Tuesday, January 14
Article V Convention of States
The Article V Convention of States is picking up steam.
If two-thirds of states submit an application to Congress, Congress must then call a Convention of States to propose amendments to the Constitution. Each state must then send an appointed delegation to the convention, where the delegates will discuss and vote upon amendment proposals.
There is support for a Convention of States for the purpose of establishing term limits for members of Congress and a balanced-budget amendment for the federal government.
South Carolina and Virginia became the first two states to call for a convention. On Dec. 7, more than 100 state legislators from 32 states met in Washington, D.C., to begin the groundwork for filing a Convention of States.
Just recently, Governors Jindal of Louisiana and Pence of Indiana expressed support for a Convention of States to control Federal spending.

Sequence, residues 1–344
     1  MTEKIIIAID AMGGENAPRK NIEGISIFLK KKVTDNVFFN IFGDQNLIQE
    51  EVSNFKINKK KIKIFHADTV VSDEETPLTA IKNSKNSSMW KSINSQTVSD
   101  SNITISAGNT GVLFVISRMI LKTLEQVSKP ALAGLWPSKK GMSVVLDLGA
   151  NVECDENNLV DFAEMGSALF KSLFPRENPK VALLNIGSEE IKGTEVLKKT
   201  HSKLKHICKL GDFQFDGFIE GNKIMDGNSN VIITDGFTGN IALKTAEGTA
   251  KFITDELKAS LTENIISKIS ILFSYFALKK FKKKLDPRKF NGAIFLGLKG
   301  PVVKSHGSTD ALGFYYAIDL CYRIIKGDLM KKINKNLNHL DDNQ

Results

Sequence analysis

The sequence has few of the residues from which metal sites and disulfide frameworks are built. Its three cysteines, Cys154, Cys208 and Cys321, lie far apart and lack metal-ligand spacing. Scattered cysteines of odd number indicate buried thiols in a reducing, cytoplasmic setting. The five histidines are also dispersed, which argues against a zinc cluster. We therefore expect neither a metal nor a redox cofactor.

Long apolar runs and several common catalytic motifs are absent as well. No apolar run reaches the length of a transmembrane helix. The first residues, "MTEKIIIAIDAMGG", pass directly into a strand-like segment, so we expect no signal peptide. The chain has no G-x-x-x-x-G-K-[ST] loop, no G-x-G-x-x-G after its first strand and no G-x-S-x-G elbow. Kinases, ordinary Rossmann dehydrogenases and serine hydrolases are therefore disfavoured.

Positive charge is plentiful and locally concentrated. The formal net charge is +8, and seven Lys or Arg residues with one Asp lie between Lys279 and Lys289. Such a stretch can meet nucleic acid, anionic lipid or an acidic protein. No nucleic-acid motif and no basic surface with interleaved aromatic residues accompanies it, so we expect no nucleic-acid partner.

The danger involved is that a runaway States Convention may radically amend our system of government.
In 2012 The Hawaii House of Representatives passed a resolution calling for an Article V Convention which would:
(1) A declaration of the constitutionality of the federal Patient Protection and Affordable Care Act (Obamacare), including the individual mandate requiring the purchase of health insurance;
(2) An amendment to Article I, Section 5, to prohibit the supermajority cloture requirement under Rule 22 of the United States Senate for ending floor debates and filibusters, to facilitate a more reasonable voting standard for cloture;
(3) An amendment abolishing the electoral college established under Article II, Section 1, and providing for the direct election of the United States President and Vice President by voters; and
(4) An amendment to Article II, Section 2, Clause 2, to require that Senate confirmations of appointments of officers of the United States be made by a simple majority vote within sixty days of the nomination.
I am opposed to those amendments suggested by the Hawaii House of Representatives. Perhaps, instead of a general convention we could have a specific convention to propose amendments to establish term limits for members of Congress and a balanced budget amendment for the federal government. Those are two amendments to the Constitution that we desperately need. The federal government bureaucracy is out of control and will never reform itself. The Article V Convention of States may be our best hope to save the republic.